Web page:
Gunicorn is ready to serve requests for our app. We should now be able to access the Gunicorn server from http://<server-IP-address>:8001. Let's create a Bash script to automatically start the gunicorn server with some custom configurations. We will save this bash script inside our projects folder as gunicorn_start.bash so our folder structure will look like (listing only required folders below)

│---projects                     # Base folder for our project
    │---myproj_env               # Django project virtual environment
        │---run                  # create this folder to hold gunicorn sock file
            │---gunicorn.sock    # just create this empty file 
    │---myproj                   # Django project directory
    │---gunicorn_start.bash      # Gunicorn Bash script

Gunicorn Bash Script

Set the executable bit on the gunicorn_start script

# make sure you are in the projects folder
$ chmod u+x gunicorn_start.bash

Execute the gunicorn bash script and check if it is running

# make sure you are in the projects folder
$ ./gunicorn_start.bash
# make sure you kill Gunicorn process after you have tested to move further

Gunicorn Bash script insights

  • You will need to set the paths and filenames to match your project setup
  • Option --workers (NUM_WORKERS) specifies the worker processes Gunicorn should spawn to handle the traffic. General idea is to set it according to formula - 2 * CPUs + 1
  • If you get error /run/gunicorn.sock: No such file or directory, just create an empty gunicorn.sock in run folder (see our setup folder above)

5. Setting up Supervisor

One of the most important steps is to configure Supervisor. Supervisor is a system that allows its users to monitor and control a number of processes on UNIX-like operating systems. We need to make sure that our server (Gunicorn) starts automatically with the system and that it can automatically restart if for some reason it exits unexpectedly. These tasks can easily be handled by Supervisor.

The server piece of Supervisor is named supervisord and the command-line piece as supervisorctl.

Let's start by installing it

$ sudo apt-get install supervisor

Supervisor works on configuration files (.conf) to manage processes. You will find supervisord.conf in /etc/supervisor in which global settings related to the supervisord process are set. For us to configure our project-related processes, we will create 3 different configuration files at /etc/supervisor/conf.d to manage processes namely:

  1. gunicorn.conf - To manage Gunicorn server that we set up in the previous step to automatically run with help of its bash script
  2. celery_beat.conf - A scheduler that kicks off tasks at regular intervals
  3. celery_worker.conf - A Celery worker that executes the task for celery

Once we save these configuration files, we need to notify supervisor of the change via command-line utility supervisorctl

# for every change in conf file, we need to execute the following commands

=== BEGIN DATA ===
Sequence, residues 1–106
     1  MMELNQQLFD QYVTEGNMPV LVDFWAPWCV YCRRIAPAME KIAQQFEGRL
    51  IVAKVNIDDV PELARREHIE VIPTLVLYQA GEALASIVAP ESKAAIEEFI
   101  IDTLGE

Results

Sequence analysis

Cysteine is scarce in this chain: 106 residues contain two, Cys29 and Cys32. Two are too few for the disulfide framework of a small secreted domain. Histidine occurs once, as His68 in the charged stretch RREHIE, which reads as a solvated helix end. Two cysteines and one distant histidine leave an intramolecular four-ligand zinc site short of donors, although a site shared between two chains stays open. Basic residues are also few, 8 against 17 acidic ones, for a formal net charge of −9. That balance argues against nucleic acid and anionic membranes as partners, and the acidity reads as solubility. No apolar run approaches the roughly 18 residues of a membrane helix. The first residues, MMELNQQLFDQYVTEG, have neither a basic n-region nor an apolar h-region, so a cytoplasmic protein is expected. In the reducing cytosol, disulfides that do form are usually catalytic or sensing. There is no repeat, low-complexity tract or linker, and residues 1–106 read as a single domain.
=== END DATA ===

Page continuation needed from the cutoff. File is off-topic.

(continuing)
$ sudo supervisorctl reread
$ sudo supervisorctl update
$ sudo supervisorctl start all # starting all our processes

Some useful supervisorctl commands

# to check the status of our processes
$ sudo supervisorctl status <program_name|all>
# example
$ sudo supervisorctl status all
celery                           RUNNING   pid 1413, uptime 7:59:29
celerybeat                       RUNNING   pid 1411, uptime 7:59:29
my_proj                          RUNNING   pid 1412, uptime 7:59:29

# to start, stop, restart all or some of the processes
$ sudo supervisorctl start <program_name|all>
$ sudo supervisorctl restart <program_name|all>
$ sudo supervisorctl stop <program_name|all>

6. Setting up Nginx

Already feeling the complexity of setting up Django? Hold on! This is the last step, I promise 😬 Setting up Nginx is easy.

# installing Nginx
$ sudo apt-get install nginx
# optionally execute following command to autostart nginx on system reboot
$ sudo update-rc.d nginx defaults

Lastly, create Nginx configuration file myproj.conf at /etc/nginx/conf.d with following to start serving requests from Nginx to Gunicorn

Restart Nginx and we are done for the day!

$ sudo service nginx restart 

We should be able to access our Django routes from http://<server-IP-address>

Final Words

Congratulations! 👏 We have successfully set up the Django project on Ubuntu along with Celery and Redis. Do not forget to check the Useful Links section to find links to read more about the tools/libraries used in this post.

Useful Links ⭐

Check out my earlier post Configure SSH for git to get rid of entering passwords on every git pull 😎

See ya! until my next post 😋

Discussion (5)

peterpalace profile image

Thank you for this article!
For me, there was an error ([ERROR] Invalid address) regarding the command:
gunicorn Myproj.wsgi:application --bind 8001
I needed to add ":" before the port:
gunicorn Myproj.wsgi:application --bind :8001
Thank you for sharing.

idrisrampurawala profile image
Idris Rampurawala Author

That's strange! Because it didn't require at my side and as per the documentation it is not required.
Good that you were able to figure it out and got your script working! 🎉 🙂

databrown profile image

Hi Idris, I'm getting a spawn Error on the supervisor start my_project (gunicorn.conf) and I can't figure out why.

The start_gunicorn.bash works fine on its own but can't seem to boot under supervisor.

idrisrampurawala profile image
Idris Rampurawala Author

Could you please attach the screenshot of the error here? It will help me in diagnosis.

Secondly, please also check the following:

  • The supervisor configuration is correctly configured as per your project paths
  • Make sure the gunicorn.bash file has been given execution writes.
botreetech profile image
Comment marked as low quality/non-constructive by the community. View Code of Conduct
BoTree Technologies

This is a wonderful article which covers each point in detail. I was searching for something like for a long time. Thank you for sharing. We have also written a similar blog on the topic. You might want to check it out.